WEBSTER CITY - Details make the difference for the competing carriage drivers during the Best of Iowa in Traces Society fifth annual Summer Carriage Classic Saturday at the Hamilton County Fairgrounds in Webster City.
The event continues today with novice and experienced driving classes scheduled that require well turned out contestants and historically accurate buggies, carts and phaetons.
"I love the elegance of it all," said Sandee McKee, from Toledo, who stood off to the side of the grass arena and watched the drivers put their ponies and horses through the paces of walk, trot, working trot and trot on.
Although no longer competing herself, McKee travels the circuit with her equine and carriage supply business, Iowa Valley Carriage. She offers contestants any last minute items they may have forgotten, lost or broken. Having that go-to supply place during a show is a necessity, she said, because details are extremely important when the judge looks over the contestants' carts, harnesses and rigs.
"Everything we do is steeped in tradition," McKee said.
For instance, she said, the reins are all brown. They used to be black, but the the die would rub off on the driver's gloves and clothing. Also, imperfections in the reins could be hidden with black die, but russet hides nothing. Then there are the high-waisted lap blankets. They keep the horse hair and die off the driver's clothes. The blanket was essential in the past to keep clothes nice if the driver was going out for dinner, a party or to a performance.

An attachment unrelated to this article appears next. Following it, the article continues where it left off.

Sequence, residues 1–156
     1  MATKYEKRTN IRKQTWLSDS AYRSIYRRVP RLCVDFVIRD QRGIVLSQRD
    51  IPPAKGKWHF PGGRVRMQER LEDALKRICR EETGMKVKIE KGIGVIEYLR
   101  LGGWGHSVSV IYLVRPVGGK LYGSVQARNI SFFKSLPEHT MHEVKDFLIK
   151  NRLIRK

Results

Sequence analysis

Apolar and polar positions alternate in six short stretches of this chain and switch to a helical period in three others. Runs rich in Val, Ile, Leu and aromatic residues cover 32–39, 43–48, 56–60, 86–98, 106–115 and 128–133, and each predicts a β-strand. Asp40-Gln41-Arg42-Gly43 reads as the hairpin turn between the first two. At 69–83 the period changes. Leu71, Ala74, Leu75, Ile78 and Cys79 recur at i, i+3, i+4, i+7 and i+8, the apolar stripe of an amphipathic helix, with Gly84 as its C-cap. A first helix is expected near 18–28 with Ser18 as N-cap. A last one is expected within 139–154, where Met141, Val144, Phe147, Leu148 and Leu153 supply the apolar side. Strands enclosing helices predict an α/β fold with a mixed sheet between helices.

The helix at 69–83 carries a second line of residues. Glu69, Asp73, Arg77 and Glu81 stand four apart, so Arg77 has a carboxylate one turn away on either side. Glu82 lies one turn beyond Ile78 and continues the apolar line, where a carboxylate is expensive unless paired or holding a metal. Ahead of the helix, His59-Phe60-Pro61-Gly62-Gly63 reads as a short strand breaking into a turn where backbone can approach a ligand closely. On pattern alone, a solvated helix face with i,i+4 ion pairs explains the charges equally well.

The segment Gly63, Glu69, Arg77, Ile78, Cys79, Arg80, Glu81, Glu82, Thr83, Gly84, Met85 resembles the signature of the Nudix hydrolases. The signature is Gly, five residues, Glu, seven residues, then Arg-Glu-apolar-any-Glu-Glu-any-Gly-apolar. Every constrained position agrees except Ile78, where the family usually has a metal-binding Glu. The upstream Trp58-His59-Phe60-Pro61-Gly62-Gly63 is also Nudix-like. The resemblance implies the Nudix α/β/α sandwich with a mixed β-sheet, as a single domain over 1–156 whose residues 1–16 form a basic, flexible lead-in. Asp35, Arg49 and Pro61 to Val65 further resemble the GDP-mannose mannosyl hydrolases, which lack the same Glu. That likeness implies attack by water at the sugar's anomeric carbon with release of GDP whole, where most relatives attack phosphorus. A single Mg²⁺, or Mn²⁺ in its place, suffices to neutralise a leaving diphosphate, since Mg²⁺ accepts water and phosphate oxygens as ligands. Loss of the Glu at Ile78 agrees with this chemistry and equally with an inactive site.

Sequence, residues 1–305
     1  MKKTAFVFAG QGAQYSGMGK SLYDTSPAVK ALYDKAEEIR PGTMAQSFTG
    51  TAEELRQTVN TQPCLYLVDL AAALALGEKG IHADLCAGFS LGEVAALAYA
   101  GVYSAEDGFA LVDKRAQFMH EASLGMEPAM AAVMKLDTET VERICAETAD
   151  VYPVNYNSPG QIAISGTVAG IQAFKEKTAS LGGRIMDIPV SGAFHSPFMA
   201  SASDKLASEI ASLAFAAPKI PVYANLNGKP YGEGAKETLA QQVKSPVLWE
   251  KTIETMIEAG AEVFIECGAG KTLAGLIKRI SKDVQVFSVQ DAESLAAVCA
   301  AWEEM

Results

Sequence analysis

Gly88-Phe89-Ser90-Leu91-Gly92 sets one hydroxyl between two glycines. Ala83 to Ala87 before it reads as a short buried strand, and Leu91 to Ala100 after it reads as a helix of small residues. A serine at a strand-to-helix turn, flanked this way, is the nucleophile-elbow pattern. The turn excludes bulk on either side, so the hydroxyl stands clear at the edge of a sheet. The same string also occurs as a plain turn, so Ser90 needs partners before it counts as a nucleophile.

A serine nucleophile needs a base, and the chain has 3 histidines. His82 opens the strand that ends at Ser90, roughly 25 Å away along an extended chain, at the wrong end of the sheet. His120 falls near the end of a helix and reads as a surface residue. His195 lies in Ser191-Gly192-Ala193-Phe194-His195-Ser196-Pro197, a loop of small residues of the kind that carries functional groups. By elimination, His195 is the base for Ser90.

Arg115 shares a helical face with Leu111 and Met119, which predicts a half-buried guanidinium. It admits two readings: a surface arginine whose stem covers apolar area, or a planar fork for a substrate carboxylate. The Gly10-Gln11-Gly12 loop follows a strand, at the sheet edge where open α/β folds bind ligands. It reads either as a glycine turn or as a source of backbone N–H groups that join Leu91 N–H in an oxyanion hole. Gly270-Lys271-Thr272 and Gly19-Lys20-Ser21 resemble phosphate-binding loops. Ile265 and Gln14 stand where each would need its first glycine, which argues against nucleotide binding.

Another rule stemming from tradition that is still followed now is that drivers must have the whip in hand at all times. This isn't for punishing the horse, McKee said, but rather to communicate with a touch. In fact, most of the drivers rely on verbal cues rather than the whip.
Annette and Joe Boeser, of North Branch, Minn., learned Saturday that show regulations call for the wicks in the lamps on the lady's wicker phaeton they own to be burned before entering the ring. Of course, the couple said, lamps being included on a lady's carriage were unusual in the time when the original owner had the cart made.
"Makes you wonder what she was doing out at night," Joe Boeser said with a laugh.
The Boesers have been competing and participating in shows for 15 years now, yet they still learn of new regulations every time. They also meet new people.
"You meet a lot of nice people at these shows," Joe Boeser said. "We tend to know about two-thirds of them already, but there are always new people getting involved with driving."
Lea Huber, of Paola, Kan., was one of the new people beginning a driving career, although she said she caught the bug when she was seven. She just wasn't able to get a horse and rig together until she became an adult.
"I am still figuring out the regulations and all the details," she said. "I am very much in the learning phase."
Her advice for others who might be bitten by the carriage bug is to seek out advice from members of driving clubs and experienced show competitors. Don't try to go it alone, she said, and always keep safety first and foremost in mind.